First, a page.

Road to Resilience

Our Better Angels

September 11, 2020 Neil Carroll Episode 46
Road to Resilience
Our Better Angels
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Road to Resilience
Our Better Angels
Sep 11, 2020 Episode 46
Neil Carroll

Machismo almost killed Neil Carroll. Growing up in the Bronx in the 1970s, he was taught that when bad things happen, real men suck it up. So after experiencing trauma in the Air Force, instead of looking for help, Neil turned to drugs and alcohol. “I had all the wrong coping mechanisms,” he recalls. Then came 9/11 and a host of new challenges, including cancer. To survive, Neil would have to rethink what it means to be a man.

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Show Notes Transcript

Machismo almost killed Neil Carroll. Growing up in the Bronx in the 1970s, he was taught that when bad things happen, real men suck it up. So after experiencing trauma in the Air Force, instead of looking for help, Neil turned to drugs and alcohol. “I had all the wrong coping mechanisms,” he recalls. Then came 9/11 and a host of new challenges, including cancer. To survive, Neil would have to rethink what it means to be a man.

Links 

HOST:

You're listening to Road to Resilience, a podcast about facing adversity. I'm Jon Earle.

NEIL CARROLL:

I hit him with, "You don't understand." And he goes, "I do understand." He said, "I've lost friends. We lose a lot of people to suicide in the veterans community and the police. The first responders are not immune to it. Nobody's immune to it." And he says, "You've done a lot of good helping people in life. Now it's time to help yourself."

HOST:

On today's show I talk with a man named Neil Carroll . He's an Air Force veteran and a 9/11 responder. Neil has survived cancer four times--all tied to his work at Ground Zero. But to me, the crux of this episode is his journey to get help for trauma. The idea that men shouldn't talk about their pain almost killed him, and he wants to make sure nobody else has to suffer in silence. Neil grew up on City Island, a former fishing village dangling off the coast of the Bronx. His family was big, Irish and Catholic. His grandmother used to teach him limericks from the old country. Neil spent a lot of time with her as a kid. His sister had a disability that kept their mom busy. And even though his grandmother lived close, nosy neighbors thought the arrangement looked strange.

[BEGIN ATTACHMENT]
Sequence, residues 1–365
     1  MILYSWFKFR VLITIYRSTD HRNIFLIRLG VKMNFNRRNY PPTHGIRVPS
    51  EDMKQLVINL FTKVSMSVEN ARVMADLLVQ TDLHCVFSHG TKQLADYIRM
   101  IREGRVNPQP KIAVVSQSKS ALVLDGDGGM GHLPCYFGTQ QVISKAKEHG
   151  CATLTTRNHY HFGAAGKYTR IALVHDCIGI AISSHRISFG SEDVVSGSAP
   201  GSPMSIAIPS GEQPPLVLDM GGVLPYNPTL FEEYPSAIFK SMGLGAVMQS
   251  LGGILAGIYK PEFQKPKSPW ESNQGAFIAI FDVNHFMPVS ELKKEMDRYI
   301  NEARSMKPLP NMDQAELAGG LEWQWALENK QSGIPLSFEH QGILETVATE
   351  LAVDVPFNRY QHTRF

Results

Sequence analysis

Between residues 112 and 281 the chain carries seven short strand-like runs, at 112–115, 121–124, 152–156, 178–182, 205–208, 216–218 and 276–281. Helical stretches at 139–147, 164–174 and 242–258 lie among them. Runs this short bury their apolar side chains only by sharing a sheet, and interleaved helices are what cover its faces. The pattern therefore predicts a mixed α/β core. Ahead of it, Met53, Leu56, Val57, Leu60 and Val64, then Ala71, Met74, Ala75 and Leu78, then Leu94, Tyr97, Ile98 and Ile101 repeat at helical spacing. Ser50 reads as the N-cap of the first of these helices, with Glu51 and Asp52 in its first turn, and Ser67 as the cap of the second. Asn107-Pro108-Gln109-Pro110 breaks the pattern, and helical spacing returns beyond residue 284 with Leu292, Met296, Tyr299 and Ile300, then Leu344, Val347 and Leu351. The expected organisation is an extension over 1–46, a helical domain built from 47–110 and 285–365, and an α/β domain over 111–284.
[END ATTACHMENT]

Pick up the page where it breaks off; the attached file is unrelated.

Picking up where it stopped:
NEIL CARROLL:

There were people in the area that used to ask me, "Why do you live with your grandmother?" And I just used to get very defensive, you know, "Talk to my mom!"

HOST:

For Neil, it was an early lesson--keep your problems to yourself.

NEIL CARROLL:

I didn't understand a lot about life, but I knew that an adult asking probing questions to a child, well, I didn't see that happen a lot in life! And that kinda led me to believe, you know what, mind your business.

HOST:

After high school, Neil followed his older brother, Jim, into the military. He became a radar technician in the Air Force. In November 1982, he was stationed at a small base in Florida. One night, a terrible accident happened. A fighter plane crashed, killing the pilot. Neil volunteered for the recovery team. The Colonel gave them a special assignment.

NEIL CARROLL:

And he says, "I just learned that the pilot," and he spoke of his name, "and his wife had a ritual where he would put either her wedding ring or his in his flight-jacket pocket over his heart. And he said, "Today, let's just focus on trying to find that ring for her."